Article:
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You may be entitled to thousands of dollars in back pay

You served your country, now honor is due.

It’s no secret that the VA Disability process is confusing. There isn’t a lot of information available, and much of the information that is available is outdated or incorrect. This becomes even more evident when our attorneys and staff discuss back pay with Veterans.

Many Veterans aren’t aware they can receive back pay for their claims. In most cases, a Veteran will receive back pay from the date their claim was originally filed. So, if you filed your claim in December of 2016, and you get approved in May 2018, you should receive back pay for those 17 months. If you filed as a single Veteran with no dependents, and you are approved in 2018, you should receive $1,365.48 per month for your disabilities. The VA pays you back pay because they should have been paying you that amount every month since you filed. In this case, they will compensate you for the 17 months you should have been paid at 70%. In this example, that equals $23,213.16. (The amount may vary based on cost of living adjustments and a few other adjustments, but this  amount is an accurate estimate.)

A situation involving one of our clients is a good example. This Veteran was attempting to pursue his benefits claim on his own. He filed early in 2011, then was denied later in the year. He filed an appeal through the mail and thought the VA had received it, but they hadn’t. A year passed after he received his initial decision. The VA didn’t receive an appeal, so they closed his case. This caused the Veteran to lose his original back pay date.

This is one of the many reasons we are adamant about Veterans filing appeals before they expire. This Veteran was service connected at 100%, and his back pay date reset to when we reopened his case. Because the VA did not receive his appeal, he possibly lost out on thousands of dollars in back pay. When our firm represents a Veteran, we obtain confirmation notices from the VA. These notices let us know that the VA received the appeal. If necessary, we can use a confirmation notice to argue and prove an effective date.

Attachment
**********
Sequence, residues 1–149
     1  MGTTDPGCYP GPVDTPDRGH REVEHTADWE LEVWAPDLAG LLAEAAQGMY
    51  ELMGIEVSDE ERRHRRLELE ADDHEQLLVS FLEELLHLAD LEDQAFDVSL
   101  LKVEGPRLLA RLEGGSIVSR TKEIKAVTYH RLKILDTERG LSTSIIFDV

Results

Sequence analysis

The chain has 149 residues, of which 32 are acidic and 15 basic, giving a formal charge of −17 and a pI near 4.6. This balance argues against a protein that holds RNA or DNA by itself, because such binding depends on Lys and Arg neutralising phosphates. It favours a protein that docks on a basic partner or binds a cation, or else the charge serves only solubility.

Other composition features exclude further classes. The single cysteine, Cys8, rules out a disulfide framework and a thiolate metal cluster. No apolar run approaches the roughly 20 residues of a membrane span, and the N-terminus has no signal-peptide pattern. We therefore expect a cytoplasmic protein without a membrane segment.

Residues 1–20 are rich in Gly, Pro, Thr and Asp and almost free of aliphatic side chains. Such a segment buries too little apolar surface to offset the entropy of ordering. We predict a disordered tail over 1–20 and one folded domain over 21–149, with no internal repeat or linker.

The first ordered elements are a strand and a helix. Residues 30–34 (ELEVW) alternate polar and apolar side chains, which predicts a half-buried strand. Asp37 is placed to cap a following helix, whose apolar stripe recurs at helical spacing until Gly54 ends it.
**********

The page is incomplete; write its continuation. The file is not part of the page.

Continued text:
What happens with back pay when you’ve been granted a specific percentage for a claim, but want to appeal the decision to receive a higher rating? Many Veterans believe that they won’t get the back pay if they appeal, or that they will stop receiving their monthly benefit. That’s not true. For instance; if you filed a claim for PTSD and the VA rated you at 30%, but you think you should be rated at 70%, you can file an appeal and not lose your back pay or your monthly compensation. If the VA then finds that you should have been rated at 70% the whole time, they will pay you additional back pay and adjust your monthly compensation going forward. You won’t lose what the VA has already paid, and you will still receive your monthly compensation while they are processing your appeal.

VA Disability is confusing. It takes years to master, and it’s difficult to pursue alone. You have several options when it comes to VA Disability representation. However, thousands of Veterans have selected Jan Dils, Attorneys at Law to help them get the benefits they deserve. We’re not volunteers. We have a vested interested in your case. We’re passionate about helping Veterans, and we’d love the opportunity to discuss your case in detail. Call us today for a free consultation. Our toll-free number is 1-877-526-3457. If you’d rather talk at a later time, fill out this form so we can call you at a better time.